Much like Matt Kalil at left tackle, Smith’s limited time in this decade is overshadowed by his dominant presence. In 2010, Smith was a standout on offense and special teams, and ranks among the best USC offensive linemen of all time.

Defensive end — Rasheem Green

Green finished his three-year USC career with 115 tackles, 16.5 sacks, eight pass deflections, three forced fumbles and a fumble recovery, which he returned for a touchdown against UCLA.

Defensive tackle — Leonard Williams

The easiest call on this side of the ball, Williams was a dominant presence for the Trojans from 2012-2014. He finished his USC career with 218 tackles, 20 sacks, four forced fumbles, the fumble recoveries and two interceptions.

Nose tackle — Stevie Tui’kolovatu

There were other options at this spot who played longer than Tui’kolovatu, but nobody made the lasting impression the Utah transfer made during the 2016 season. Tui’kolovatu changed the entire USC defensive line that season. He finished the year with just half a sack, but had 53 tackles from his nose tackle position and helped lead the defensive charge to the Rose Bowl.

Defensive end — Nick Perry

Eight of Perry’s 21.5 career sacks came during the 2009 season, but he was still a tremendous defensive presence during the 2010 and 2011 seasons. He forced five fumbles during those two years and finished his USC career with 5.5 sacks in his final four games.

Outside linebacker — Uchenna Nwosu

Nwosu played in at least eight games in each of his four seasons at USC, but he makes this list in large part thanks to a dominant 2017 season. Nwosu found himself as a rush linebacker and responded with 75 tackles, 9.5 sacks, 13 pass deflections, an interception and a fumble recovery. He had a three-sack game against Arizona State, and finished his career with two sacks against Ohio State in the Cotton Bowl.

Middle linebacker — Cameron Smith

Smith’s senior season was cut short, but he’d already more than made his mark. He stepped in as a starter as a true freshman and turned in the game of his life early in his career, intercepting three passes and returning one for a touchdown in an upset win against No. 3 Utah in 2015. Smith finished his USC career with 354 tackles, 3.5 sacks, four interceptions, 14 pass deflections, a forced fumble and three fumble recoveries.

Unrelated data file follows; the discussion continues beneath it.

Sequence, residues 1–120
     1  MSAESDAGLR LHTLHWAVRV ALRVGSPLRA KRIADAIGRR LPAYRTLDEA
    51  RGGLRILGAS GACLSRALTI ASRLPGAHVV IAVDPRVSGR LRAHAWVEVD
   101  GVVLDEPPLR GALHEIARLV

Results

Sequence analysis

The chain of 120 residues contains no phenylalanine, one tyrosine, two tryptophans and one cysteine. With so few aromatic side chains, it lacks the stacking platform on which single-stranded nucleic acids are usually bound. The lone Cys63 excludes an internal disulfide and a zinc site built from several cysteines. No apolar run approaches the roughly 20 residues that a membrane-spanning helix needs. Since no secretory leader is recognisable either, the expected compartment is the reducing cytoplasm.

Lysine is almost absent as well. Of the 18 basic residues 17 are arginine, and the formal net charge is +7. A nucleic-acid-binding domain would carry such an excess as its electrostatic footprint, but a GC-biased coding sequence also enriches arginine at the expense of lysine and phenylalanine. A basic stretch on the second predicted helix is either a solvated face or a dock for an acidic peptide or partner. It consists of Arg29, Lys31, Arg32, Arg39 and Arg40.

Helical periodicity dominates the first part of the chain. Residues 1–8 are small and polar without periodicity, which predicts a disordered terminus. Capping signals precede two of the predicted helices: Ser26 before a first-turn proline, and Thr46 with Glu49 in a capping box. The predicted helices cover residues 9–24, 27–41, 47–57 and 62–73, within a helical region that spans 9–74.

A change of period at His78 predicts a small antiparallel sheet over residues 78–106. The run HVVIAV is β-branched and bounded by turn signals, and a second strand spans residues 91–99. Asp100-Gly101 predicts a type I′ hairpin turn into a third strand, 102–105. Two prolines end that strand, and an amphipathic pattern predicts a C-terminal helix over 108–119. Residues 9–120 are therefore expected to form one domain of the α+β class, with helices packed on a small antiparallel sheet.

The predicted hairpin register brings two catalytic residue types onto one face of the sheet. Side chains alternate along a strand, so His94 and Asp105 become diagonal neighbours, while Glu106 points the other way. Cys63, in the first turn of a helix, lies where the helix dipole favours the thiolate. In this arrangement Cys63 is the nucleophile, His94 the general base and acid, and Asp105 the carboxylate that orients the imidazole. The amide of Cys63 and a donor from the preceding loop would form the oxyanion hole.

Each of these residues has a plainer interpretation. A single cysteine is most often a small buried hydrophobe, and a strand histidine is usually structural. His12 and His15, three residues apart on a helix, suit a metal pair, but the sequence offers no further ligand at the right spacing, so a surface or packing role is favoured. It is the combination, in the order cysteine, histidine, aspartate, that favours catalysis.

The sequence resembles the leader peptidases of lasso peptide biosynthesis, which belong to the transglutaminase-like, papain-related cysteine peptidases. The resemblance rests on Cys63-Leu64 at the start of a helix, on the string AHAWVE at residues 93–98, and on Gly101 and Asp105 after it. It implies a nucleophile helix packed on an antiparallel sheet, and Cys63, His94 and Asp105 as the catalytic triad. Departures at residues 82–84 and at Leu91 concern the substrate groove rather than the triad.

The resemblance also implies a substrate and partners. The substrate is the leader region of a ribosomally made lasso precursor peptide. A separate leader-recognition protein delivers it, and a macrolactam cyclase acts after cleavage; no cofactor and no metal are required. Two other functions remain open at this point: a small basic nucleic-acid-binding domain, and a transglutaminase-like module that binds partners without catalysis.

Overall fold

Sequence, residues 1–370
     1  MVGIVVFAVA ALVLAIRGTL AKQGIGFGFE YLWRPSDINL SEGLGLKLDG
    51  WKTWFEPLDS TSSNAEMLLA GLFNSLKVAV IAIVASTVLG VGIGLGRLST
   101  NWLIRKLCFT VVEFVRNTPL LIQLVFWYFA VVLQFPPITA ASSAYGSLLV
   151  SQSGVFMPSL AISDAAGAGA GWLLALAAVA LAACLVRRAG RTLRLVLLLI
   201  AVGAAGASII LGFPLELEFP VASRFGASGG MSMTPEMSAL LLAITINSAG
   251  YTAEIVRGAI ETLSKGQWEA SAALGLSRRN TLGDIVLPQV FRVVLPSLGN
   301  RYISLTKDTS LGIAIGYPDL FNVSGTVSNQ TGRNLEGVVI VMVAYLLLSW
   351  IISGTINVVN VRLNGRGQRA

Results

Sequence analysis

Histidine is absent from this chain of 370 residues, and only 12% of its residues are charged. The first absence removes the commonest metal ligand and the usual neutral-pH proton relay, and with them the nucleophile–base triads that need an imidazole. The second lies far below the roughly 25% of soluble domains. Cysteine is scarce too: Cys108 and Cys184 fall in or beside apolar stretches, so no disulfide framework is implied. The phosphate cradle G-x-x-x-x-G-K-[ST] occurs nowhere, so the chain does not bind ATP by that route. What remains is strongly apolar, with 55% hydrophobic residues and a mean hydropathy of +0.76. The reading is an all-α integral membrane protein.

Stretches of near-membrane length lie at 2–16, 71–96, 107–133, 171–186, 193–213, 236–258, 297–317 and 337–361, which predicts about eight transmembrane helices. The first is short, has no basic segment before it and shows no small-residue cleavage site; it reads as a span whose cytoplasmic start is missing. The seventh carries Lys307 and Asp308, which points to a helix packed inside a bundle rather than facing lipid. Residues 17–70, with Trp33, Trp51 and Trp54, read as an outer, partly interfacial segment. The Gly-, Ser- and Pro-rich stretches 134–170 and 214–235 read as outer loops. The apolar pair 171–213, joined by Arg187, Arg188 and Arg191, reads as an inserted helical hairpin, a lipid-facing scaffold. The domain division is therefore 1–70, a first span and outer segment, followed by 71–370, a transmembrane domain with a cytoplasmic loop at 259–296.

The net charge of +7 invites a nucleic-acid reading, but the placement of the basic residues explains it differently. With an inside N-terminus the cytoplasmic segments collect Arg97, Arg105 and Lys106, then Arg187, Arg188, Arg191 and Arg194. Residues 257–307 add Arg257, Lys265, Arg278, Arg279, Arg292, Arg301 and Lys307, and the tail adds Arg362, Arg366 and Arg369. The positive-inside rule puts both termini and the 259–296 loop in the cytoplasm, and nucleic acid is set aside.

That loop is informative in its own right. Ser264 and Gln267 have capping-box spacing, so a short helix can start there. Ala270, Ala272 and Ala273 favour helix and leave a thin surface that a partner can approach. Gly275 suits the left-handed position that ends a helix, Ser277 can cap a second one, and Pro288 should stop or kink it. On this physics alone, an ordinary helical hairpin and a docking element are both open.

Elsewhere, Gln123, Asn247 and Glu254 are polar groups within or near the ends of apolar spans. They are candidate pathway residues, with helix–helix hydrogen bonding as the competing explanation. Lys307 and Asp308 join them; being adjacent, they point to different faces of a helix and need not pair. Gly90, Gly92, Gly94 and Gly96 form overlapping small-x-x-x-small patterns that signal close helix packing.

Outside linebacker — Dion Bailey

Bailey began his USC career as a safety before moving to outside linebacker before the 2011 season and ultimately becoming one of the most productive USC defenders from 2011-2013. Bailey finished his three-year playing career with 223 tackles, four sacks and 11 interceptions (five in the 2013 season). He also broke up 19 passes and forced three fumbles.

Cornerback — Adoree’ Jackson

Jackson became USC’s second Thorpe Award winner following a phenomenal 2016 season, where he recorded five interceptions, 11 pass deflections, three forced fumbles, a defensive touchdown and 55 tackles. In his USC career, Jackson scored six touchdowns via receptions, four on punt returns, four on kick returns and one on an interception return.

Free safety — T.J. McDonald

McDonald gave the Trojans a steady presence at free safety from 2010-2012. He finished his USC career with 275 tackles and eight interceptions. McDonald also recorded a blocked punt in USC’s upset win over Oregon in 2011.

Strong safety — Su’a Cravens

It might be cheating a bit to slot Cravens here, as he played more of a hybrid mix between outside linebacker and strong safety, rather than strictly strong safety. But Cravens absolutely deserves to make this team, and Bailey deserves to find a spot at linebacker more than any other strong safety. Cravens did it all defensive for USC during his three-year career, finishing with 207 tackles, 10.5 sacks, nine interceptions, 16 pass deflections, four forced fumbles, fumble recovery and an interception returned for a touchdown.

Cornerback — Nickell Robey

Another three-year standout in the secondary, Robey is another member of the 2010-2012 Trojans. Constantly undersized against opposing receivers, Robey made a big mark at USC. He finished with 163 tackles, two sacks and seven interceptions. He returned one interception for a touchdown in each of his three seasons.